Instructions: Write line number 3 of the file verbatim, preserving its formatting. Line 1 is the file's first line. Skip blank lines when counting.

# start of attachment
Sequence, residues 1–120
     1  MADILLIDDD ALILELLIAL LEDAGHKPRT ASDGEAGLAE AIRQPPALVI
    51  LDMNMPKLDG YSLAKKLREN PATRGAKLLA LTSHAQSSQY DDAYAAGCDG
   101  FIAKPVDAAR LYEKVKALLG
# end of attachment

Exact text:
    51  LDMNMPKLDG YSLAKKLREN PATRGAKLLA LTSHAQSSQY DDAYAAGCDG